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There will be an artist's talk today from 6-7 and your last 2 days to catch Collect Four: Scenes from Portland's Bleeding Edge at the U of O's White Box gallery (Portland Branch at the White Stag building). Curated by Jesse Hayward, the show features work by Matthew Green, Midori Hirose, Jason Traeger, and Ben Young. I reviewed Collect Four a couple of weeks ago and frankly if you don't know these artists you don't know Portland's art scene too well.

Artist's Talk • 6-7pm • March 15 (show ends March 16)
White Box • White Stag building • 24 NW 1st

Posted by Jeff Jahn on March 15, 2011 at 7:40 | Comments (0)

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Monday 03.14.11

film

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Bryan Konefsky

Filmmaker, artist, and curator Bryan Konefsky is screening two shows with Grand Detour and presenting a workshop at the NW Film Center. The workshop is tonight 6:30-9:30pm and is on the subject Dead Tech Alive. Tuition is $10. Get the details on the NW Film Center website.

The first film screening will be Happiness is a Warm Projector: Selections from Experiments in Cinema v1-v6, highlighting his work as a festival programmer.

Film screening • 7pm • March 15 • $6
Hollywood theater • 4122 NE Sandy

The second film screening will be I LOVE YOU LONG TIME: Bryan Konefsky *the early years* (1998-2010), featuring Konefsky's own work and some Q&A.

Film screening • 7pm • March 16 • $3-$5
Grand Detour • 215 SE Morrison Suite 2020

More details on everything on the Grand Detour website.


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The Tasty Shorts film festival is also happening this week. Sponsored by the Art Institute, Tasty Shorts is a festival of short films.

Short film fest • 7pm • March 17
Clinton St Theater • 2522 SE Clinton

Posted by Megan Driscoll on March 14, 2011 at 16:38 | Comments (0)

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CRC: the Cable Stay design gains momentum

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Cable Stay Design

There were a lot of discussions about the Columbia River Crossing this weekend as things come to a head (again). New developments include the information that Pearson Airfield doesn't really pose much of an issue to building a taller/superior cable stay bridge. It is superior because that bridge type performs better in earthquakes, has a smaller # piers in the water and thus less environmental impact, plus becomes an icon spurring development for both sides of the river. Some characterize it as a merely aesthetic choice but seismic and environmental superiority plus the fact that the design is more pleasant for pedestrians and cyclists makes is a superior design which costs less than than the initially proposed bridge design (which was awful). This whole process has been backwards as PORT was the first to point out.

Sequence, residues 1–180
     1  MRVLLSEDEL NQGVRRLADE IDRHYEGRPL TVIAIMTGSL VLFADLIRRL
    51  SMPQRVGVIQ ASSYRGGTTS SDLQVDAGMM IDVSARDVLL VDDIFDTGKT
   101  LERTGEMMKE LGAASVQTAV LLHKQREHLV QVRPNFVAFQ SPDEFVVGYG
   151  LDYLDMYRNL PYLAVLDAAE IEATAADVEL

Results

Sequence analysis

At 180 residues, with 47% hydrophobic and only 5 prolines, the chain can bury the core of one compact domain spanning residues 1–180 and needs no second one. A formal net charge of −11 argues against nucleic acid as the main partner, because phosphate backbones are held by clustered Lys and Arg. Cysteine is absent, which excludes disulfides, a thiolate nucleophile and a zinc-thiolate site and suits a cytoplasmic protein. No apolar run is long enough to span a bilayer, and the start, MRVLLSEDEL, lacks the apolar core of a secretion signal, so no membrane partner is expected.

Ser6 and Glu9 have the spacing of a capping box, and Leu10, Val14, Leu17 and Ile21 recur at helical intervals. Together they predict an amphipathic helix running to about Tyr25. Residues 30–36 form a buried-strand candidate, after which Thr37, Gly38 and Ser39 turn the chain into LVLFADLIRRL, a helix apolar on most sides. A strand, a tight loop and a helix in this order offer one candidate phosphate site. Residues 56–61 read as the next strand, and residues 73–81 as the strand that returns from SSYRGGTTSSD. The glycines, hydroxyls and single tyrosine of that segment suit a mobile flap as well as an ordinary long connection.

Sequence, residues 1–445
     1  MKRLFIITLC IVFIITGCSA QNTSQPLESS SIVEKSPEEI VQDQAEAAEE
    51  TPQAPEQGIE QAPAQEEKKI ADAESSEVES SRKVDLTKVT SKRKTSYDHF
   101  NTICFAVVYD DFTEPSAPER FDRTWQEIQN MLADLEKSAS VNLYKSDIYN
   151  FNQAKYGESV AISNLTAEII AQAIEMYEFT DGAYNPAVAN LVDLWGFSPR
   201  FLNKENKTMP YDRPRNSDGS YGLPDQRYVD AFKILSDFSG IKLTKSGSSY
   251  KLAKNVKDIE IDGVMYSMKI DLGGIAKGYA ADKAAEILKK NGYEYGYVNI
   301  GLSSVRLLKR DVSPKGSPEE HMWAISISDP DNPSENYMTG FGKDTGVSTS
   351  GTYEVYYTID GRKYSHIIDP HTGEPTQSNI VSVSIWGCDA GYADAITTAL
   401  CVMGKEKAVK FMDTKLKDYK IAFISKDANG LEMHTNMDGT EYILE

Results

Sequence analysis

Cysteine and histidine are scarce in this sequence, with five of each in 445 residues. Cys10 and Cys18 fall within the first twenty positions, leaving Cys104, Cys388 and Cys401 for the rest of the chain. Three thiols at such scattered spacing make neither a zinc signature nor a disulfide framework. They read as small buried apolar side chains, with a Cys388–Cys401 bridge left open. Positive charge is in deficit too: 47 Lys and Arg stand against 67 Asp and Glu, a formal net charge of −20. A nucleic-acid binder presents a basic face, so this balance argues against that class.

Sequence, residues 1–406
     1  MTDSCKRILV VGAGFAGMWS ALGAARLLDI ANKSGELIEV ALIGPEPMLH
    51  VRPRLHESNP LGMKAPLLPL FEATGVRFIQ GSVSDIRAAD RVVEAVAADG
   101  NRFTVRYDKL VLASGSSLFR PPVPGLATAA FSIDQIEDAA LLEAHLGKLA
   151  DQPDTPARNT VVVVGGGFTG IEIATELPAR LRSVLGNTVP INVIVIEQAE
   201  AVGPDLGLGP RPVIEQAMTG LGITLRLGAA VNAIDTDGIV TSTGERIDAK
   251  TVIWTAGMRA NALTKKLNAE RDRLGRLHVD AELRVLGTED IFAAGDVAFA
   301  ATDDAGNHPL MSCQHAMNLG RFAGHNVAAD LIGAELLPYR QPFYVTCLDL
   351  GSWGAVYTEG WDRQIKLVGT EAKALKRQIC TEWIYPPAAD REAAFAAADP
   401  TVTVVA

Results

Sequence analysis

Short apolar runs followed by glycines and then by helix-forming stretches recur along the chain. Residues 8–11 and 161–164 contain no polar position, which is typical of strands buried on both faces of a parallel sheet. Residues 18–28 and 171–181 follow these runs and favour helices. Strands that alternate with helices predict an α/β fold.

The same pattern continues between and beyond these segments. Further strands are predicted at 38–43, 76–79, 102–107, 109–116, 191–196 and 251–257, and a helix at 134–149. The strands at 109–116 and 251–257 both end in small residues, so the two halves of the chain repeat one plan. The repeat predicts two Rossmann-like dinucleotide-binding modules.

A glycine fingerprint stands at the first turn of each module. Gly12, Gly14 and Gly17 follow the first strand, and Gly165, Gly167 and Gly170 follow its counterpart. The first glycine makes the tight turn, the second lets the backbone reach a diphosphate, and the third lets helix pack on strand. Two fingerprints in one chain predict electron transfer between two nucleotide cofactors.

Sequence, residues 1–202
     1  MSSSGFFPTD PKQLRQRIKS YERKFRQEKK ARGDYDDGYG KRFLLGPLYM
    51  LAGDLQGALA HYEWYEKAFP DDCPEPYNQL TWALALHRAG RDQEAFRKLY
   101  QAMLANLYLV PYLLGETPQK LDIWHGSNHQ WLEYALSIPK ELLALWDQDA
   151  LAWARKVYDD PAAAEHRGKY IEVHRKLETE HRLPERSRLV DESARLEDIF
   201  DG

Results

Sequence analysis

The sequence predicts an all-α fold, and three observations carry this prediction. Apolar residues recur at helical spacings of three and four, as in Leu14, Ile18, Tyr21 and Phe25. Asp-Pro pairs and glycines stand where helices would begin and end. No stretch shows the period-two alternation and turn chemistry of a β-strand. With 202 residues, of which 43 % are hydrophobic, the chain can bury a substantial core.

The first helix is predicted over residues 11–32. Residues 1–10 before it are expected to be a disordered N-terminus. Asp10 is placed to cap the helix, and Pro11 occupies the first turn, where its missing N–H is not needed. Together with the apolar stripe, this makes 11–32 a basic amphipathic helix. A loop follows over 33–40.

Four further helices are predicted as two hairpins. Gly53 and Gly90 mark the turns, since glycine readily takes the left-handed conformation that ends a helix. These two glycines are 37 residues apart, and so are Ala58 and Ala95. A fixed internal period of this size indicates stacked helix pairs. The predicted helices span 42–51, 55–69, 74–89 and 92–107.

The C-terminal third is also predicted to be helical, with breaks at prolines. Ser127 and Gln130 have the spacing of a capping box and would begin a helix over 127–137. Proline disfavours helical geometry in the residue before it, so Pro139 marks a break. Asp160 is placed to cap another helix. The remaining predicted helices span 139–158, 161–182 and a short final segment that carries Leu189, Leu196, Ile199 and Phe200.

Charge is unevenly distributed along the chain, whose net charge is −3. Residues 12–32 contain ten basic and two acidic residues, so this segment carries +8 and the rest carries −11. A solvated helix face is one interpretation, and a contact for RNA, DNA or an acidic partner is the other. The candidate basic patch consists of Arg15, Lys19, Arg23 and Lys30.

Last weekend:

Jeff Stuhr and Mark Masciarotte gave a guest opinion in the Oregonian

Brian Libby at Portland Architecture responds to a specious article in the Portland Business Journal

Ethan Seltzer penned a guest article for the Oregonian (which tragically lacks an architecture critic).

Hell even Vancouver's city council likes the cable stayed design.

This process has been tremendously flawed (putting off the shelf bridge types above a true design discussion), but let's build the right bridge... we don't need the wrong one and building a horrible legacy for those who will have to suffer such a monstrosity in the future misses a great opportunity to re-imagine Portland and Vancouver's relationship to the mighty Columbia (and each other). Right now the only bridge that can bring everyone together is the cable stay design because it adds to the region rather than merely puts a transit band-aid upon it. Kitzhaber should listen to his base in Multnomah county, which has growing public support for the better performing cable stay design. And while he is at the project should hire a good architect to make certain the key design details are executed well, rather than in a perfunctory manner.

Posted by Jeff Jahn on March 14, 2011 at 12:08 | Comments (0)